Sunday, January 21, 2007

Day 3 : Tregathenan (nr Helston) to Truro

Wednesday 17th January 2007

Distance Walked: 21.5 miles
Start Time: 9:11
End Time: 15:54
Elapsed Time: 6:43
Weather: Grey. Cold. Miserable.
Distance walked so far: 62.7 miles

This is where the reality kicks in. Anyone can walk along a path for a couple of days. Not everyone can walk for day after day, when there is no path, along road edges, fields, moors, hills and mountains. That’s the challenge here, and it hits me almost immediately today. On a shitty grey day, I realise the value of preparation. Of paths. And maps.

You see, I don’t have a map for today’s route. I meant to get one, but I didn’t have the chance. And this causes problems.

Let me tell you about GPS devices. I bought a Garmin GPS device for this walk. The GPSmap 60CSx. It’s great. A neat little black gadget. It will tell me where I am and it will save me life. Of that I’m certain. What’s not great about it is that the digital maps that are supplied with it are so ridiculously basic that they are fundamentally unusable. You can however purchase, for a further £150, the Topo software which provides more detailed maps, for a limited area, to be downloaded to your device. You can also purchase the Memory-Map software which will allow you to pre-plan a route and export this to your device. The software for the whole of Britain costs £200. The device may save my life, but I was beginning to wonder whether that would be a wise financial investment. So I just went for the Memory-Map stuff. This means that I vaguely know which way I should be heading, without knowing precisely where I am or which road/path I should be following. This causes problems. And I experienced most of those problems today.

Today was spent pounding along tarmac, on a miserable wet day, walking on narrow Cornish lanes. With Cornish cars. And Cornish drivers. I felt completely unwanted. The only thing visible from Cornish Lanes are hedges and the occasional cow. The route suggested by McCloy mentions pleasant footpaths and country routes, but the footpaths that I found were impassable waterlogged bogs. Without an OS map I wasn’t entirely sure which country lane to take at each junction, and found myself dragged imperceptibly towards the foreboding A30. The A30 is a great road. Ploughing straight through the heart of Devon and Cornwall ,it plunges right to the very tip of the country; miles of slick, unadulterated, smooth tarmac, taming the wild moors and hills that surround it. It must be bliss for the end-to-enders who choose to travel on wheels. For walkers it is a constant torment. All surrounding roads are sucked towards it, and it is virtually impossible to avoid crossing it an some point of the walk. It's a constant reminder to the walker of the slow and antiquated progress they are making.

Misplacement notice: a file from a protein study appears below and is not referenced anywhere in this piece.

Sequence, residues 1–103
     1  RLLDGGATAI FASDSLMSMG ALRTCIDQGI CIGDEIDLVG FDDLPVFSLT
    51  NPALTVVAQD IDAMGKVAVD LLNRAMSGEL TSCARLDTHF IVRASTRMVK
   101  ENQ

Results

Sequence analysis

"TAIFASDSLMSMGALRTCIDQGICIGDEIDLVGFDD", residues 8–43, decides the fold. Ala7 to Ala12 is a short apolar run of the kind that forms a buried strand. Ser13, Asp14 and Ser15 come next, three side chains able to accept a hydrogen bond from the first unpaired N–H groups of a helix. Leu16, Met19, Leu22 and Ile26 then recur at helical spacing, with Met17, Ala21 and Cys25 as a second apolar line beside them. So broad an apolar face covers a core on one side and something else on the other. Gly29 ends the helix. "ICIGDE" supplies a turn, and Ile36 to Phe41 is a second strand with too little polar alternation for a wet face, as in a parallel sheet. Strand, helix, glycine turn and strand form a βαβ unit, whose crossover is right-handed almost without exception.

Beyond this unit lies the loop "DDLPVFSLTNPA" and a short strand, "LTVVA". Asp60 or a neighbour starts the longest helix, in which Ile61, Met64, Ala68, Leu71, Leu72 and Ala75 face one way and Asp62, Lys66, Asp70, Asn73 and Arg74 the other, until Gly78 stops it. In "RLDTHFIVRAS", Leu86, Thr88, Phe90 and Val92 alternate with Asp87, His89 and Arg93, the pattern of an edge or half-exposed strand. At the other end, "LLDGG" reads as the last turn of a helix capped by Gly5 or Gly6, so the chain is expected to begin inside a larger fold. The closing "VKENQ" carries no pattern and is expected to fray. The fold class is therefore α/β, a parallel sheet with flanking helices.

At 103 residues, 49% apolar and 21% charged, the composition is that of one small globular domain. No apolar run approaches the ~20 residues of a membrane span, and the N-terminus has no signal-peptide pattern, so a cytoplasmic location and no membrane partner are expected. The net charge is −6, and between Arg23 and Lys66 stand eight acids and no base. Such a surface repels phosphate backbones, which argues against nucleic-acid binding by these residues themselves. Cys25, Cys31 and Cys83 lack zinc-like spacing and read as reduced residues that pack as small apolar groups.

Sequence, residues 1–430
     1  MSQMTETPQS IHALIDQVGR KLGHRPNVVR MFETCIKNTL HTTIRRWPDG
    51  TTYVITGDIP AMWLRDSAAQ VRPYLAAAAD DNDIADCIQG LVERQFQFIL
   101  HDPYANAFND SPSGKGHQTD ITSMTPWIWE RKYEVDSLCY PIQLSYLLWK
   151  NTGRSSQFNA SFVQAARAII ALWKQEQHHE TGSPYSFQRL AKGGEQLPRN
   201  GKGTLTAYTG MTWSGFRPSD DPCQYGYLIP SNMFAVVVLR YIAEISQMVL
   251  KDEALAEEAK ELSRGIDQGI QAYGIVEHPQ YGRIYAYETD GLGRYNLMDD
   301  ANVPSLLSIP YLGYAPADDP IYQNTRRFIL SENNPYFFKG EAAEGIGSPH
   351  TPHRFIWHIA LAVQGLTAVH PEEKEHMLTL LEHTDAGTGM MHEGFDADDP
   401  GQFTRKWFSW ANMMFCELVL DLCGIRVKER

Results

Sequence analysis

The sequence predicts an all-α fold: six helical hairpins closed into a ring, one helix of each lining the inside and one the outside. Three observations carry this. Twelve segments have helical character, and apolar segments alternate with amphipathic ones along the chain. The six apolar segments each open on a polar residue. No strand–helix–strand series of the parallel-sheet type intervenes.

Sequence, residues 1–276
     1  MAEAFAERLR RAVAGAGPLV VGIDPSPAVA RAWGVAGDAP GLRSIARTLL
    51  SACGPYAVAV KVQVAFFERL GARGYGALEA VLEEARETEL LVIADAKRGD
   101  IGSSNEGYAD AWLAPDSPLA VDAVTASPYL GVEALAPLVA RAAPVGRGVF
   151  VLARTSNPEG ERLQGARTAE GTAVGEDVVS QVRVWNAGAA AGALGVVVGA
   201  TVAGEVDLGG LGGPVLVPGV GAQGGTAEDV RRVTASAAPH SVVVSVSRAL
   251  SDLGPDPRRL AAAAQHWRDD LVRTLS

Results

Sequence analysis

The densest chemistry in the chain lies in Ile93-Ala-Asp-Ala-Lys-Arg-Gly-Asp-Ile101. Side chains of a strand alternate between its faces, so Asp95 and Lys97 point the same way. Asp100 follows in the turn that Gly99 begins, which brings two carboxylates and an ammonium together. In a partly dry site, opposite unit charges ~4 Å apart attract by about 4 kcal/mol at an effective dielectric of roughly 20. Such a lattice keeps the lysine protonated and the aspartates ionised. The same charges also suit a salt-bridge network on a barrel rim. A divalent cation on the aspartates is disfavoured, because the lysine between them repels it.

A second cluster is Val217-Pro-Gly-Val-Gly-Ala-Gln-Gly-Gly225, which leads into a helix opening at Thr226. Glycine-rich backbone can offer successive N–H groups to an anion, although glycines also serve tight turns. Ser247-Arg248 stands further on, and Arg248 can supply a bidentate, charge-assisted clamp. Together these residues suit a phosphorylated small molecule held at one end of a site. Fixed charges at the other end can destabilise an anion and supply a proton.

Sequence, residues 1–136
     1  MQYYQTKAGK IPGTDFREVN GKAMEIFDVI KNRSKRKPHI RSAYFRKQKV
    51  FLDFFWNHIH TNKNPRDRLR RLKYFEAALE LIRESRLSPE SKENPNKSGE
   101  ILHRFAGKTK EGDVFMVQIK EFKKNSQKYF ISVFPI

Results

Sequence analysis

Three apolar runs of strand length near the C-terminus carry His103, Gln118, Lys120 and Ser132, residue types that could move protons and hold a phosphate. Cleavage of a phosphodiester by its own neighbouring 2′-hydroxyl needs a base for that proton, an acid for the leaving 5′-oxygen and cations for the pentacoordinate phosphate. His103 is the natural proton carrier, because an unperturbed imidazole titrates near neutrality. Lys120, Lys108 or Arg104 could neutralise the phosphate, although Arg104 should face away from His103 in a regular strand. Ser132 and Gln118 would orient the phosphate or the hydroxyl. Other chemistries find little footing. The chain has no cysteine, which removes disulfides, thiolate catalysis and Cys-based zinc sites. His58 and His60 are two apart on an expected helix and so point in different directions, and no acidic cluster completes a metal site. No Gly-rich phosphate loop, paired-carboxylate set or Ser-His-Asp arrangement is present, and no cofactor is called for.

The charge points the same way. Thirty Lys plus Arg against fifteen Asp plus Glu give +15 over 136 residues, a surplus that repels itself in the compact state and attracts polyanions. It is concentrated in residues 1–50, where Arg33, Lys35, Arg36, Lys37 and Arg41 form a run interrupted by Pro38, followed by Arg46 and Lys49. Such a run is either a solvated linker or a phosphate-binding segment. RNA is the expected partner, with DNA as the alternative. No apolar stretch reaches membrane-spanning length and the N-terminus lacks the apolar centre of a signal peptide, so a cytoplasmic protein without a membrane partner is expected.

I finally worked out where I should be going but the necessary detour added unwanted mileage to the day and by the time I finally reached Truro my feet felt completely flattened. I wearily admired the cathedral, though fittingly it is encroached on all sides by a ghastly collection of shops and distasteful concrete monstrostities. The Phones 4 U salesmen next door are the modern clergy. Maybe if the Church rebranded as the ChristFaith Warehouse they'd start pulling in the punters again.

Booking a B&B through the Tourist Information Centre, I also purchased as many of the relevant OS maps that I could find and spent the evening tending to my aching joints and planning the route for tomorrow. I don’t mind walking, but it’s the meaningless extra miles that really get me down.

Song of the day:

Andrew Bird


I was walking /
With my feet /
A disposition /
Fell over me

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